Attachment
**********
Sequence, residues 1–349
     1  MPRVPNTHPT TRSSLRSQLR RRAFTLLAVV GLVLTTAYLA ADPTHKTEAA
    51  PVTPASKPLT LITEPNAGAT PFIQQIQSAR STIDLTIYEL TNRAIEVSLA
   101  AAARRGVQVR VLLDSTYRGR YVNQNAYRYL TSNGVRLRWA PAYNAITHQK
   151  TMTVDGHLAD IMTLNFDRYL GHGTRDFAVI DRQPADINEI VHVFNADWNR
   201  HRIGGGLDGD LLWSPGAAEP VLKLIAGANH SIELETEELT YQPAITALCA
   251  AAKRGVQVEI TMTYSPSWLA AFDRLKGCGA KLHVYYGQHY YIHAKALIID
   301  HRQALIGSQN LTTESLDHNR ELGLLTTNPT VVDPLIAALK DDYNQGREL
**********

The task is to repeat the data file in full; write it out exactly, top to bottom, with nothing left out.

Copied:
Sequence, residues 1–349
     1  MPRVPNTHPT TRSSLRSQLR RRAFTLLAVV GLVLTTAYLA ADPTHKTEAA
    51  PVTPASKPLT LITEPNAGAT PFIQQIQSAR STIDLTIYEL TNRAIEVSLA
   101  AAARRGVQVR VLLDSTYRGR YVNQNAYRYL TSNGVRLRWA PAYNAITHQK
   151  TMTVDGHLAD IMTLNFDRYL GHGTRDFAVI DRQPADINEI VHVFNADWNR
   201  HRIGGGLDGD LLWSPGAAEP VLKLIAGANH SIELETEELT YQPAITALCA
   251  AAKRGVQVEI TMTYSPSWLA AFDRLKGCGA KLHVYYGQHY YIHAKALIID
   301  HRQALIGSQN LTTESLDHNR ELGLLTTNPT VVDPLIAALK DDYNQGREL